During head fires, energy is vented above ground level (Trollope et al. 2002), with increases in wind speed producing faster moving fire fronts, decreasing the time of direct fire exposure to detritus and fallen woody material that may require prolonged exposure to fire before combustion is initiated (Rein 2013). Wind speed was highest during Fire A, alluding to a faster-moving fire front with lower assumed detritus ignition rates than Fires B and C, which had much lower wind speeds and higher mortality densities. Wind speed during fires thus seems to have an inverse proportional relationship to reptile mortality density, although more quantified replicates would need to be conducted to confirm this.
The spatial orientation within the environment during burning events may predispose or protect reptiles from fire effects. Species-specific habitat utilization may change due to torpor, seasonal migration, mating activity, body size, or maturity. Studies documenting the impact of fire on soil vertebrates are scarce (Bigalke and Willan 1982; Neary et al. 1999). Smith et al. (2012) recorded mortalities of leaf-litter reptiles following a wildfire, but none for true burrowing species. Burrowing is considered to offer protection to vertebrates from fire-related hazards (Russell et al. 1999; Engstrom 2010). Burrowing vertebrates are thought to be able to avoid fire-related hazards by digging deeper into the substrate (e.g., Neary et al. 1999). Our results from Tembe Elephant Park, however, indicated that burrowing reptiles were not necessarily protected from fire effects.
Strictly fossorial and fossorial reptiles were well represented within the Tembe Elephant Park samples (Table 1). The shallow burrowing behavior of the eastern sand skink (Branch 1998), seeking shelter from fire instead of fleeing, may result in increased fire mortality, as was recorded during Fire C (25 mortalities ha−1). The depth within the soil column at which fossorial reptiles occur may vary according to seasonal reproductive behavior (e.g., Haacke and Bruton 1978; Branch 1998). This may influence the susceptibility of burrowing reptiles to burning as some taxa may prefer shallow soil depths or the surface when seeking mating partners, potentially increasing the exposure of sexually mature adult animals to the effects of fire. Such mating-driven seasonal habitat selection may have resulted in the presence or absence or fluctuating rates of specific soil-adapted species in the observed mortality sample. Alternatively, seasonal use of the surface environment for feeding (e.g., Haacke and Bruton 1978) may predispose certain species to succumb to the effects of fire at specific times of year. Beaupre and Douglas (2012) considered snakes more vulnerable to fires during ecdysis as old, detaching skin impairs their ability to detect and avoid fires. The only snake specimen collected in the process of shedding was the southern African python from Fire B.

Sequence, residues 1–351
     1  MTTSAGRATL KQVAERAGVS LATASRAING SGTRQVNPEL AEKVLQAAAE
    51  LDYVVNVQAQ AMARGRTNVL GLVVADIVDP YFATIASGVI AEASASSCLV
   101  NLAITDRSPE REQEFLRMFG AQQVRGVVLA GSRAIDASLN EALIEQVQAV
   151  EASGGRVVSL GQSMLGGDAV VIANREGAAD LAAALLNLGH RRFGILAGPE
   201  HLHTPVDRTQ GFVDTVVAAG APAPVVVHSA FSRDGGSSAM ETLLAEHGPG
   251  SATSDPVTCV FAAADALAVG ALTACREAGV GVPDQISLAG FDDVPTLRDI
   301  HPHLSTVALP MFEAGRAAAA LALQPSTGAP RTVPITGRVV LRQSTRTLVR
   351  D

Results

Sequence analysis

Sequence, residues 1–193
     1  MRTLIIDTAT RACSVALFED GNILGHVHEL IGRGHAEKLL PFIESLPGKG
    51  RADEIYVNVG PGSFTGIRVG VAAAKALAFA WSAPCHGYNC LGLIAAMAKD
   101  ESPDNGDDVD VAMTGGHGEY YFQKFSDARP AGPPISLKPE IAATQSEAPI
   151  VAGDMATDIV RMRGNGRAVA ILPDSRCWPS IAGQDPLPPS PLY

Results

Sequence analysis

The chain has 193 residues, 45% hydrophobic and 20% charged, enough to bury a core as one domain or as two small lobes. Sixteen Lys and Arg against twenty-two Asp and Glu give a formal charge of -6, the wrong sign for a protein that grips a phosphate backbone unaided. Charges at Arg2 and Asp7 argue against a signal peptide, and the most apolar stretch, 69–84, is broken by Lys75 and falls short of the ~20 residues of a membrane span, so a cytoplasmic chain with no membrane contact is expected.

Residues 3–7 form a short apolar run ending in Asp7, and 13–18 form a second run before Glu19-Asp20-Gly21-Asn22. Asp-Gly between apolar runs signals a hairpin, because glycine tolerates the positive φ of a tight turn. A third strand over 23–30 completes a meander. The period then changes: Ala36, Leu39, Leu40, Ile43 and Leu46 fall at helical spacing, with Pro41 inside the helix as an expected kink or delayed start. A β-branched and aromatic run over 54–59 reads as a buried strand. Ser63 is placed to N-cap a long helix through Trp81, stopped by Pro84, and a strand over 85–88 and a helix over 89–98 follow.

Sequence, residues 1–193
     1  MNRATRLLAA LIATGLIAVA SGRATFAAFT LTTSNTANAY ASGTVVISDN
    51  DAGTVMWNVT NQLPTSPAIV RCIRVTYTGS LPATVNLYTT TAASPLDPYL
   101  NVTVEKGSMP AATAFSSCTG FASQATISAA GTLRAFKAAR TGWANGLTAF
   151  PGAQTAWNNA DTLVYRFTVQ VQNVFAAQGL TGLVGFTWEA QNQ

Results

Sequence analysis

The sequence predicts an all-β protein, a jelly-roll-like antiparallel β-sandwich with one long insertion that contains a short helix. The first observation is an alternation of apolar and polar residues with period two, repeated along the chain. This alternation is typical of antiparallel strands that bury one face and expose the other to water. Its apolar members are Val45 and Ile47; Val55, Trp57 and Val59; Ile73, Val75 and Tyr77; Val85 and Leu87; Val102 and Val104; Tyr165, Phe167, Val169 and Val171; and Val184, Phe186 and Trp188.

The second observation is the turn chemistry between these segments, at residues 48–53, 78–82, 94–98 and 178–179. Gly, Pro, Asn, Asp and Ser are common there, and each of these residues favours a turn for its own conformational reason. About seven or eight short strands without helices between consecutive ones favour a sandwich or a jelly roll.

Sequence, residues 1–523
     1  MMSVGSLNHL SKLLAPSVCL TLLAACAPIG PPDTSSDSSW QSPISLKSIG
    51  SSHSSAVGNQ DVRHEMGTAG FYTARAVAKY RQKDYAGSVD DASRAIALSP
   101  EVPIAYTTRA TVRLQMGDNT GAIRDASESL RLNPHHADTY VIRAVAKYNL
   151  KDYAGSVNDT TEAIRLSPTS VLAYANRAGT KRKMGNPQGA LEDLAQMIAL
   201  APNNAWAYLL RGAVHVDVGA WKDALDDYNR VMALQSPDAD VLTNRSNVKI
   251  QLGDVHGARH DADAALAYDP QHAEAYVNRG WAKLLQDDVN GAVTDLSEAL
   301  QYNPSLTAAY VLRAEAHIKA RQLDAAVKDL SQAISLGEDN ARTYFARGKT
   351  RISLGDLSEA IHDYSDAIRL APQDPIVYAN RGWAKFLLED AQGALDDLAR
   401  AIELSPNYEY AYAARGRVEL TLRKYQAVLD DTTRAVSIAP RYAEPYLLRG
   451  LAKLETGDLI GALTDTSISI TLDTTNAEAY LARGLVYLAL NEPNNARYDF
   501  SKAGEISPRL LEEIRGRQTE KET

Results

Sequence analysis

Among vertebrates, mortalities caused by fire have been studied extensively in humans, finding mortalities most commonly attributed to toxic gases as part of smoke inhalation. Peracute gas intoxication with carbon monoxide and hydrogen cyanide has been identified as the main mechanisms of death. Heat-induced cardiac arrest through vagal inhibition when hot air or steam is inhaled has also been implicated as an important cause of death during fires (Busuttil 2008; Gill and Martin 2015). The unburned condition of most specimens encountered during surveys prompted suspicion of particulate smoke inhalation as a possible cause of death for Fire C samples; however, the relative absence of carbon-rich particulate matter and the occasional presence of pulmonary oedema during histopathological examination suggested asphyxiation, heat-induced cardiac arrest, or gas intoxication, such as carbon monoxide and hydrogen cyanide poisoning, as the most likely mechanisms resulting in death. Only two eastern sand skinks were considered to have possibly succumbed to particulate smoke inhalation, as carbon particles were present in their airways.
The association of most collected specimens with microhabitats rich in leaf litter follow the fine-scale habitat selection described by Measey (2006) as well as Maritz and Alexander (2008). When considering the histopathological manifestation of detrital combustion on species sheltering in substrate, especially in Fire C, the advective transportation of heated gas products into underlying soil layers as described in Massman et al. (2010) may explain the prevalence of fire-associated mortality to strictly fossorial and fossorial reptiles. It is worth noting that the study site falls within an area that is considered rich in soil-living herpetofauna (Maritz and Alexander 2008) and the implications for these groups of animals may not be relevant for most of southern Africa.
The results from our surveys in Tembe Elephant Park describe potential mechanisms of fire-caused mortality and indicate reciprocity between fire season, environmental conditions, and life history traits in the absence of non-combustible refugia (e.g., rocks). Published observations of fire-induced reptile mortality within multiple types of fire-prone habitats will contribute to improved understanding and therefore predictive power to inform management decisions.